Contrary to the conventional practice of stabilizing zirconia with at least six weight percent yttria, U.S. Pat. No. 5,981,088 to Bruce et al. unexpectedly showed that if a YSZ coating has a columnar grain structure (e.g., deposited by EBPVD), superior spallation resistance can be achieved if zirconia is partially stabilized by less than six weight percent yttria. Significantly, YSZ TBC's in accordance with Bruce et al. contain the monoclinic phase, which was intentionally avoided in the prior art by the six to eight weight percent yttria.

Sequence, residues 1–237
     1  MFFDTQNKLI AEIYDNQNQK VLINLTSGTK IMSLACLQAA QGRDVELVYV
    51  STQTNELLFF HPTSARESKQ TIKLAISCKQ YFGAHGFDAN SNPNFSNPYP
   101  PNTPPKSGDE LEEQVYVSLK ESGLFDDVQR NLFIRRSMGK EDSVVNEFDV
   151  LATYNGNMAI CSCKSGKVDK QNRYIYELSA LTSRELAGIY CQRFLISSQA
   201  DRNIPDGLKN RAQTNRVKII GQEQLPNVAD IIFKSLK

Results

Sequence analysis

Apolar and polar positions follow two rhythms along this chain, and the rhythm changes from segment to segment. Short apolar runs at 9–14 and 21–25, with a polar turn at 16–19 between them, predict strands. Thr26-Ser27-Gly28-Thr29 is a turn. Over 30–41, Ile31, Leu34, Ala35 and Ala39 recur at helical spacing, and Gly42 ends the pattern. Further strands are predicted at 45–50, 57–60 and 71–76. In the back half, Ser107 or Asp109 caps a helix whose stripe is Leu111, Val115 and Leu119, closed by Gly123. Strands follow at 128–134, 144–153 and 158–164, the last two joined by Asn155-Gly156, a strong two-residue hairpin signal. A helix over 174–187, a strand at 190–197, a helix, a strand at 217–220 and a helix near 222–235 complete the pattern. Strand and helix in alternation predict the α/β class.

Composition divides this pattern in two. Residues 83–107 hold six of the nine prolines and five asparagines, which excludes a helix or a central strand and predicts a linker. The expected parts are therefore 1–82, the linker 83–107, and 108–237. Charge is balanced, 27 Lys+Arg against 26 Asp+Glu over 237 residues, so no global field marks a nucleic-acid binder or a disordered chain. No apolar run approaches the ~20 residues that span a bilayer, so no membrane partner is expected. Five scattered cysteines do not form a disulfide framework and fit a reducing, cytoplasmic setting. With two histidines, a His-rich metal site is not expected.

Commonly-assigned U.S. Pat. No. 6,586,115 to Rigney et al. discloses a TBC of zirconia partially stabilized with yttria, preferably not more than three weight percent yttria (3% YSZ), to which one or more additional metal oxides having an ion size difference relative to zirconium ions (Zr4+) are alloyed to reduce the thermal conductivity of the TBC. The additional metal oxides are disclosed to be limited to the alkaline-earth metal oxides magnesia (MgO), calcia (CaO), strontia (SrO) and barium oxide (BaO), the rare-earth metal oxides lanthana (La2O3), ceria (CeO2), neodymia (Nd2O3), gadolinium oxide (Gd2O3) and dysprosia (Dy2O3), as well as such metal oxides as nickel oxide (NiO), ferric oxide (Fe2O3), cobaltous oxide (CoO), and scandium oxide (Sc2O3). Rigney et al. teaches that the required degree of crystallographic defects and/or lattice strain excludes such oxides as hafnia (HfO2), titania (TiO2), tantala (Ta2O5), niobia (Nb2O5), erbia (Er2O3) and ytterbia (Yb2O3), as well as others.